ON ONE POINT, Spencer is undeniably correct, if behind the times. Conflict has already arrived, and it plays out every day in the mountains, in the pastures and along the roads and trails that crisscross the border country of Cochise and Santa Cruz counties.
Residents along this broad frontier report a skyrocketing number of illegals crossing their land, turning their daily lives into nightmares.
Some describe living under almost wartime conditions, with high levels of stress, fear, sleeplessness and especially frustration at the inability of the Border Patrol, or any law enforcement agency, to help them.
Ranchers say they've been howling about this for years. But no one has paid attention.
Reporters who took up the border chaos story viewed it mainly from one angle, hammered over and over again--the sometimes deadly suffering illegals encounter in their treks across the desert.
But now that a few ranchers, after years of frustration, have formed self-defense groups to protect themselves and their property, reporters won't leave them alone.
Suddenly, they find ranchers interesting--but only as vigilantes, men loaded down with Skoal and ammo, so dangerous they merit a Congressional investigation.
Both images--the harmless illegal and the out-of-control cowboy--contain some truth. But not enough. They're cartoon cutouts, easy renderings that frame a complex problem too simply.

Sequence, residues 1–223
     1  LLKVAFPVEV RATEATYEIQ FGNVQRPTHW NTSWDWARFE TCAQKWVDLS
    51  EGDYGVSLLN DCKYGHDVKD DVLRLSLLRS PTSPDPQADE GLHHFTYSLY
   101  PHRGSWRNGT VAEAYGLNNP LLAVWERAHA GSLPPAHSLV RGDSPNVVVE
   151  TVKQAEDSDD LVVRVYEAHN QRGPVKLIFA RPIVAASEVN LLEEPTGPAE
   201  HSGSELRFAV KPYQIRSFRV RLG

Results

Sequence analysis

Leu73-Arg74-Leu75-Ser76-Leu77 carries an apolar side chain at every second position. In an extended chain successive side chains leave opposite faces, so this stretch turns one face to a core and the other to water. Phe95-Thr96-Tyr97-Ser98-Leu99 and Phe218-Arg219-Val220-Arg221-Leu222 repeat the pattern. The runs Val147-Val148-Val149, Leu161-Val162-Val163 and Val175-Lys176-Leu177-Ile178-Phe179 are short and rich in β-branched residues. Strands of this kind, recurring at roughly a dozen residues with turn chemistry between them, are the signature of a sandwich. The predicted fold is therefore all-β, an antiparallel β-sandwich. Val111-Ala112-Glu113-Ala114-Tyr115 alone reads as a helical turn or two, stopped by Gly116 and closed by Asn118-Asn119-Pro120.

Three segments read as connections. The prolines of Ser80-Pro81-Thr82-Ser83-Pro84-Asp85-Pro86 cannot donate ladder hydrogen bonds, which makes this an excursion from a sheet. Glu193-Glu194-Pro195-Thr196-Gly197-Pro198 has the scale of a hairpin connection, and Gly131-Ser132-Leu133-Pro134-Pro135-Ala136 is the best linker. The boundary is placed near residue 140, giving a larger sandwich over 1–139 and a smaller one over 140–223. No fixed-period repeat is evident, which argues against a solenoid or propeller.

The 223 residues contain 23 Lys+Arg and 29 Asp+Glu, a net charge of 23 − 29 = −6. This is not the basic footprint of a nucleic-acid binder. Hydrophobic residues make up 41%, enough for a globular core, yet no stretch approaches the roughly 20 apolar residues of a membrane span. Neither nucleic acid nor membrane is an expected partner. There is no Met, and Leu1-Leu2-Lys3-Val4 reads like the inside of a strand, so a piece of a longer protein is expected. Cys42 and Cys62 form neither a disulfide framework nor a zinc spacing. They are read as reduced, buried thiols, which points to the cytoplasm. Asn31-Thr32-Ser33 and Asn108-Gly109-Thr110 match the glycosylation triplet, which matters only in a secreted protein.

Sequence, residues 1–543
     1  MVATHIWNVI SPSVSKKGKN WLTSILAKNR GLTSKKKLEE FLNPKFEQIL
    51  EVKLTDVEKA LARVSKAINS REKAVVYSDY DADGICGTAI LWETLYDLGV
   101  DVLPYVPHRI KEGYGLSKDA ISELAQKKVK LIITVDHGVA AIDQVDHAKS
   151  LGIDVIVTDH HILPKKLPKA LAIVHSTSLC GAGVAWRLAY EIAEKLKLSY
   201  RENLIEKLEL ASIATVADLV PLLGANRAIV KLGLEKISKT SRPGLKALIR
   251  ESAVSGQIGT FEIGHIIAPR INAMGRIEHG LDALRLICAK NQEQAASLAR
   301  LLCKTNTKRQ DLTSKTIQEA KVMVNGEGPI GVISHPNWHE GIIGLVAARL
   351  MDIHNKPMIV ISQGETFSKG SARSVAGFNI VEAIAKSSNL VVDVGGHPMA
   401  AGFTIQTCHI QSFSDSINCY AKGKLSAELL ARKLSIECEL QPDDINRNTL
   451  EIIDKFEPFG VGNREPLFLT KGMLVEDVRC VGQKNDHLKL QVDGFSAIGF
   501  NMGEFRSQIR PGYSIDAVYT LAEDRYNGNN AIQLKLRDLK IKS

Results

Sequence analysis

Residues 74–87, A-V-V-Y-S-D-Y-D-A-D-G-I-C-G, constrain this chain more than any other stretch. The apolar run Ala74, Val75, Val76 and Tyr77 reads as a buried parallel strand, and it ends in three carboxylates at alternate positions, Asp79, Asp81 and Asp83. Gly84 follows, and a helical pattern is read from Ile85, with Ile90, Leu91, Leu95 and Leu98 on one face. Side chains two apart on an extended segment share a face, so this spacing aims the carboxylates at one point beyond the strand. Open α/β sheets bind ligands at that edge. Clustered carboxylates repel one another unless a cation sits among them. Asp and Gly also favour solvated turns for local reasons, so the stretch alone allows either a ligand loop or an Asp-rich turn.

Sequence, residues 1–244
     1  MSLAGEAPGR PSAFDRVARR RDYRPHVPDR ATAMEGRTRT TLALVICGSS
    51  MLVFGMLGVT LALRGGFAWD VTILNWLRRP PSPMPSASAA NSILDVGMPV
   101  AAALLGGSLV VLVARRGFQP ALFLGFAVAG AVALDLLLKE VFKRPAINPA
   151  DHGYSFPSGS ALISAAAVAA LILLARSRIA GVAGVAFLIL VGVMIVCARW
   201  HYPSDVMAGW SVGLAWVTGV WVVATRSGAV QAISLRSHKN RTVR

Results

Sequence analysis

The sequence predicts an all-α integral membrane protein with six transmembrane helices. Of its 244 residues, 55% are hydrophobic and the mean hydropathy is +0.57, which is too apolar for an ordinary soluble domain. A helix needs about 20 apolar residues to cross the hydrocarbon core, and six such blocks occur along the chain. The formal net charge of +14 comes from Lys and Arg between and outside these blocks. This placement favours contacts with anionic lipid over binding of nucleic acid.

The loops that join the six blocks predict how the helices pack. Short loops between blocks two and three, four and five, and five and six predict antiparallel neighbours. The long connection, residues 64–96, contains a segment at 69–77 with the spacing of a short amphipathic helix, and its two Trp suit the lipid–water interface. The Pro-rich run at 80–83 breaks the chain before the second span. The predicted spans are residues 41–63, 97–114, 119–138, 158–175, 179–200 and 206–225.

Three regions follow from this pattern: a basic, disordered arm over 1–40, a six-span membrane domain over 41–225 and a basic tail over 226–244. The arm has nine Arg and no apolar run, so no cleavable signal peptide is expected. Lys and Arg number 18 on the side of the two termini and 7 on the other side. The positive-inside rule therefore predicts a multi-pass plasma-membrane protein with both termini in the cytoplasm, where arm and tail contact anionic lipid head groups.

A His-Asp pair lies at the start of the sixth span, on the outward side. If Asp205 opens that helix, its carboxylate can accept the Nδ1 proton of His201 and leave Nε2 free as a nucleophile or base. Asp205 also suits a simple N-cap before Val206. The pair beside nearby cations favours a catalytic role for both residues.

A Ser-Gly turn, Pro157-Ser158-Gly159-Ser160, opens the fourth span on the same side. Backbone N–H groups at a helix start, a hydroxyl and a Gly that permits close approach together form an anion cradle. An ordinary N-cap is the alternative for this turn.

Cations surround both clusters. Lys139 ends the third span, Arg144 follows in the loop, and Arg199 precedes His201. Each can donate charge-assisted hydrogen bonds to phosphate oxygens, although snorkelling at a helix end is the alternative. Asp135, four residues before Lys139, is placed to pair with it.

Stuck in the middle--angry as hell, with nowhere to turn and wary for the future--ordinary ranchers and border residents, American citizens, try to hang on amid the chaos.
B.J. Kuykendall shares a ranch with her husband, Tommy, 34 miles north of Douglas. It has been in their family for six generations. She's not certain they'll make it to seven.
Her voice shakes with anger as she describes some of what's happened to her.
Illegals have chased her down the road near her home on foot, and used their vehicles to run hers off the road. On four separate occasions, they've piled boulders and debris across the road, apparently efforts to steal her truck.
They've tried to steal her horses, too. Two months ago, Kuykendall found her dog, a mastiff, poisoned with strychnine. The animal suffered for five hours before dying a horrible death, "for the crime of barking."
One of Kuykendall's neighbors found his dog dead, too, its throat slashed. Another has had four dogs poisoned.